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I used to have a huge chart on my wall that I would update once a week. Not a chart of the
. It was a chart of gold.
The notion that gold goes up when stocks go down is nonsense. And the belief that gold goes up when the dollar goes down isn't exactly a perfect relationship either. That's not to say they don't have a relationship, but be careful about making too much of it.
As a reference point, let's start by looking at almost 20 years of data from the Philadelphia Stock Exchange Gold & Silver Index.
Notice that gold had a huge surge in the late 1980s, specifically in 1987, a year the stock market was up, and up big. Of course, stocks crashed in October of that year. But with the longer-term chart, the upward move in gold stocks in 1986-87 looks a lot more vibrant than the rise in gold stocks during the current three-year bear market, doesn't it?
All for the XAU
I remember my first business trip to Asia, in the late spring of 1995. I arrived at Tokyo's airport and exchanged my dollars for yen. I received 81 yen to the dollar, which ended up being almost the exact low for the U.S. currency. Take a look at what gold was doing at the same time. The XAU was around 120 when the dollar/yen made its low. Then it fell to 105 -- note it didn't rally. The index did move higher, up to 150,
the dollar made its low.
While there can be a relationship between gold and the dollar, it's not exact, and I think it's best to look at gold on its own. If we do, we see resistance overhead. Maybe gold held at those support levels, maybe gold held that uptrend line, but the real question is where is it going on the upside? My sense is that it's going nowhere.
The first thing gold would need to do is cross the downtrend line from the February highs. I'd like to see it cross the line meaningfully, not in meandering fashion. The next thing I see on the chart is that little breakdown when gold prices were at $340 to $350. If gold managed to get across that downtrend line and get to $340 to $350, it will still only look like it's rallied back to resistance and the breakdown level.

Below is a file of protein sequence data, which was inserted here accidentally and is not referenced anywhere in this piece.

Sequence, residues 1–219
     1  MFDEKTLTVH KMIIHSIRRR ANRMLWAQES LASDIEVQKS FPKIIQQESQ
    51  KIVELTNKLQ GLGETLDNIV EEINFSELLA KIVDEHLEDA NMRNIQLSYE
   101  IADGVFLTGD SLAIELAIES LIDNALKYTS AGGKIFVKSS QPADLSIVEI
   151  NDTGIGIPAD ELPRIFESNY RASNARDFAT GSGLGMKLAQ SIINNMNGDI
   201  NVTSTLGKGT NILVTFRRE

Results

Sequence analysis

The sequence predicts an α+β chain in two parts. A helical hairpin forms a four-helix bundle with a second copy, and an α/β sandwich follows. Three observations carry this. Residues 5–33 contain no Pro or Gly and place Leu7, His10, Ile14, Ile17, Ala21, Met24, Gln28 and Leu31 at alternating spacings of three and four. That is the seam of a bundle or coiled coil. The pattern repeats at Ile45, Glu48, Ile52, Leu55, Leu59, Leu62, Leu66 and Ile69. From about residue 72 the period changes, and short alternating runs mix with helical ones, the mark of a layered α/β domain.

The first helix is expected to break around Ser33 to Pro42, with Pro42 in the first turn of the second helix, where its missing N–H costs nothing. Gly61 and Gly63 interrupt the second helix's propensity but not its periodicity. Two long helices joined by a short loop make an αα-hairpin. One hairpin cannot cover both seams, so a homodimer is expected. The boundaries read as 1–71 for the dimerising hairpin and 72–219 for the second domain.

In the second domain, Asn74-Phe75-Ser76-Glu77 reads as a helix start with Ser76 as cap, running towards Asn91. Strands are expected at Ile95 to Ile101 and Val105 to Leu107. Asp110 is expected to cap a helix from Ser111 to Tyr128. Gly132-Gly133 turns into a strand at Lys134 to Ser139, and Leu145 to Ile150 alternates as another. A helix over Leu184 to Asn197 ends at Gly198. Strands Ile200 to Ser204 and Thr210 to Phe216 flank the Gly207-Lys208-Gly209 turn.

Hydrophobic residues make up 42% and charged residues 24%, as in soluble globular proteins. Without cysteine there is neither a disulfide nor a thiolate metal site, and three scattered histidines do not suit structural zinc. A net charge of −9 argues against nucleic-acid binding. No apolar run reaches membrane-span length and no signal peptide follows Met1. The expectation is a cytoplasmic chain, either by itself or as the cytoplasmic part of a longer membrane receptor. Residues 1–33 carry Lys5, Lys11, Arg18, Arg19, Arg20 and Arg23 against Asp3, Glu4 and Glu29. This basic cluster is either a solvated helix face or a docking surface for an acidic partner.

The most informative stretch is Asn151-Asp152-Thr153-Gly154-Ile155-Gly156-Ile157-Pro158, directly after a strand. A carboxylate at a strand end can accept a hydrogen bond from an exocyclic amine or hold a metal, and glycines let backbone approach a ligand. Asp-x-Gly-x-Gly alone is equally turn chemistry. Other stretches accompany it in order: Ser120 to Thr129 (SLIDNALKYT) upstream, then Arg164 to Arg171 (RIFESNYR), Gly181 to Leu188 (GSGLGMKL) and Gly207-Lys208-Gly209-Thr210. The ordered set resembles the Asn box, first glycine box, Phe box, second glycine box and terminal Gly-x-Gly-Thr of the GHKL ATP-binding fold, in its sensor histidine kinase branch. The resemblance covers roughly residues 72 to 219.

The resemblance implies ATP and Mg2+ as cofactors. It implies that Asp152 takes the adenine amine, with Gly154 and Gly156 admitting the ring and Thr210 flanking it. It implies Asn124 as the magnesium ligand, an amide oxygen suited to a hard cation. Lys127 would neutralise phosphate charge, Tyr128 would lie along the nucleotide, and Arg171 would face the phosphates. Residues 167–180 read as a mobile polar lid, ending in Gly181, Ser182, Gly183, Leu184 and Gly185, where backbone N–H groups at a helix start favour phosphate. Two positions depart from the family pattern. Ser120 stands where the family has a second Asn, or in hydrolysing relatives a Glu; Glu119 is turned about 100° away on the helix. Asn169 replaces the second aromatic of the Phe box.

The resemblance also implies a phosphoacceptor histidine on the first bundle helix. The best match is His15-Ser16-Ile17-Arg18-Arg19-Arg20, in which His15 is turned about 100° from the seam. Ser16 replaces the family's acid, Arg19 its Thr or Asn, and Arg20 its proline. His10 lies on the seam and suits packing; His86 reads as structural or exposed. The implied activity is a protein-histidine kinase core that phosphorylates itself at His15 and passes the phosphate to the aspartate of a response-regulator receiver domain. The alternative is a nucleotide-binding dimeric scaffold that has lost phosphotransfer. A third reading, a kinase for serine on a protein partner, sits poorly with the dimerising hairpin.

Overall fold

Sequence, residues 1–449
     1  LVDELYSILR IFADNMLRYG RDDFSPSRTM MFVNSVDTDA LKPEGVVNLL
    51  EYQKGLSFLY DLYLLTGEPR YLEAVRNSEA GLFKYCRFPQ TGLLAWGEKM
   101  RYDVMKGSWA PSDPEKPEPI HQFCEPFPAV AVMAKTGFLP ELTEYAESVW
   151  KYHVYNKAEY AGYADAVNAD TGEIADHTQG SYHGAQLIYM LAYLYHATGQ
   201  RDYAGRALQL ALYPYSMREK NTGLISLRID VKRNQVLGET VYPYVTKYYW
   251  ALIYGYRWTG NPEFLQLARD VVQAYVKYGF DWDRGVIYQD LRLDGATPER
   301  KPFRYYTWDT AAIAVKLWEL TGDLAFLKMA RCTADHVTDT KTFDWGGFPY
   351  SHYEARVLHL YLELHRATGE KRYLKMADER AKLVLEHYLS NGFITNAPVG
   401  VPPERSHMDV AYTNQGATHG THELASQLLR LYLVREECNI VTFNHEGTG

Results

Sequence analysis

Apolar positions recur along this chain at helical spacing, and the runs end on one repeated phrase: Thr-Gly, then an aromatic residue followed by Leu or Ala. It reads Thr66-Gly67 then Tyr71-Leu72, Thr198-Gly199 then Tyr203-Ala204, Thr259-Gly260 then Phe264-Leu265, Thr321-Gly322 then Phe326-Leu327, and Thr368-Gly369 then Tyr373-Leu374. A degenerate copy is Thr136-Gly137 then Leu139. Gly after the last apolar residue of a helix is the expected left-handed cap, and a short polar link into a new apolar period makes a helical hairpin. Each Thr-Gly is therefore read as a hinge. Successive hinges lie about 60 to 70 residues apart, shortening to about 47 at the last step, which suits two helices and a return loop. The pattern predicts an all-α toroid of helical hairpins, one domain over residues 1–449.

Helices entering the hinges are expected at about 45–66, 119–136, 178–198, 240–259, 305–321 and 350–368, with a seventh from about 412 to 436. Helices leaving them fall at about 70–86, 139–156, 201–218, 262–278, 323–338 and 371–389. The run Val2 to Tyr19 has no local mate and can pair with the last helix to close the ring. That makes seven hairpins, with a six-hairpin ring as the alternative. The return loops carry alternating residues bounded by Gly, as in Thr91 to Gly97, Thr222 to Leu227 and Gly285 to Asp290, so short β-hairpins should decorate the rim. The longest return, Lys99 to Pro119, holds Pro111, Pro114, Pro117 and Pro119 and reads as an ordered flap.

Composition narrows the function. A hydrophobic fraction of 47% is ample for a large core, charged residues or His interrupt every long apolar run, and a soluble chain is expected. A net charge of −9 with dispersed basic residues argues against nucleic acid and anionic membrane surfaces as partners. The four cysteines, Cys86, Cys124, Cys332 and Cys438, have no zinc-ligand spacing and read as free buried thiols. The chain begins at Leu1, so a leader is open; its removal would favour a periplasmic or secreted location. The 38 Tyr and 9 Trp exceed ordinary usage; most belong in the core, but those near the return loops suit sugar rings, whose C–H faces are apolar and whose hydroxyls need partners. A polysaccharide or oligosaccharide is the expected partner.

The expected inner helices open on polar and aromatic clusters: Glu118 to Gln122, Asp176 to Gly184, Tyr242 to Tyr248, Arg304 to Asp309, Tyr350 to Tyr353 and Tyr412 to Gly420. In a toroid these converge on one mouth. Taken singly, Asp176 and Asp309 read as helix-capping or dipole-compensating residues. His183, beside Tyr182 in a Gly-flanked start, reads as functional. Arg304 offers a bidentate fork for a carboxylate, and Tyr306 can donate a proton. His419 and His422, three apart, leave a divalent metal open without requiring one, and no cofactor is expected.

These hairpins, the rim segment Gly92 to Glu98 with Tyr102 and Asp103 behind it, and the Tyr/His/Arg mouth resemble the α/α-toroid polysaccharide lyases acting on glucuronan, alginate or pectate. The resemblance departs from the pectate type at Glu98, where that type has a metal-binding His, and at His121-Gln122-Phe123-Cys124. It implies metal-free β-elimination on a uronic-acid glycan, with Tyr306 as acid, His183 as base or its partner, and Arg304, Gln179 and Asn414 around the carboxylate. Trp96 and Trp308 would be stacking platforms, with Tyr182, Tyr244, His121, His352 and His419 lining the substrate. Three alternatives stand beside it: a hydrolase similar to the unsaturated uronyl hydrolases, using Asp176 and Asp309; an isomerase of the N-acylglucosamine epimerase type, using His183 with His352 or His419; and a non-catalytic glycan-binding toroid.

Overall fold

The resistance area is what I keep seeing each time I look at the chart, and it's more important to me than crossing the downtrend line. That's because the first time up, the resistance will be too severe for gold to get through. So it appears to me that gold probably has more work to do before it can rally well.
Plus, the XAU has the same resistance to contend with beginning at 70 and all the way up to the highs. Time has a tendency to mirror itself on the charts. The recent top was about three months long, but we've only spent about six weeks under the highs, indicating that the timing for a big rally seems wrong at this point.
Finally, the S&P has rallied from 800 to almost 900, but no one is telling me about how great the market is. A lot of people are trying to tell me how well gold and gold stocks are acting. My experience is that when many people are spending too much time trying to convince me of something, the move is already priced in, or close to it. The resistance overhead coupled with this anecdotal sentiment is the main reason I don't think gold is all that glitters right now. I think at best you're looking at a rally that stops at resistance.
For more explanation of these indicators, check out The Chartist's
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Helene Meisler, based in Shanghai, writes a technical analysis column on the U.S. equity markets and updates her charts daily. Meisler trained at several Wall Street firms, including Goldman Sachs and SG Cowen, and has worked with the equity trading department at Cargill. At time of publication, she held no positions in any securities mentioned in this column, although holdings can change at any time. Under no circumstances does the information in this column represent a recommendation to buy or sell stocks. She appreciates your feedback and invites you to send it to